Business Intelligence - Enabled Adaptive Enterprise Architecture

Title: Business Intelligence - Enabled Adaptive Enterprise Architecture
Authors: Akhigbe, Okhaide Samson
Date: 2014
Abstract: The desire to obtain value and justify investments from the different Information Systems in place in organizations has been around for a long time. Organizations constantly theorize and implement different approaches that provide some sort of alignment between their different business objectives and Information Systems. Unfortunately, the environments in which these organizations operate are often dynamic, constantly changing with influence from external and internal factors that require continual realignment of the Information Systems with business objectives to provide value. When businesses evolve, leading to changes in business requirements, it is hard to know what direct Information System changes are needed to respond to the new requirements. Similarly, when there are changes in the Information System, it is not often easy to discern which business objectives are directly affected. Whilst the different Enterprise Architecture frameworks available today provide and propose some form of alignment, in their implementation, they do not show links between business objectives and Information Systems, i.e., indicating what Information System is directly responsible for different business objectives thereby allowing for anticipation and support of changes as the business evolves. This thesis utilizes insights from Business Intelligence and uses the User Requirements Notation (URN), which enables modeling of business processes and goals, to provide a framework that exploits links between business objectives and Information Systems. This Business Intelligence - Enabled Adaptive Enterprise Architecture framework allows for anticipating and supporting proactively the adaptation of Enterprise Architecture as and when the business evolves. The thesis also identifies and models levels within the enterprise where responses to change as the business evolves are needed and the ways the changes are presented. The tool-supported framework is evaluated against the different levels and types of changes on a realistic Enterprise Architecture at a Government of Canada department, with encouraging results.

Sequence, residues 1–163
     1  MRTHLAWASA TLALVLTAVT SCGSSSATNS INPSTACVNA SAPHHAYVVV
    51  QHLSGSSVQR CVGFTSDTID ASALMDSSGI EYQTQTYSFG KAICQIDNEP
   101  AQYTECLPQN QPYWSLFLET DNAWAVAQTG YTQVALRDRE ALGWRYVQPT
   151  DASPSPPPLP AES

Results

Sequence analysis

CollectionThèses, 2011 - // Theses, 2011 -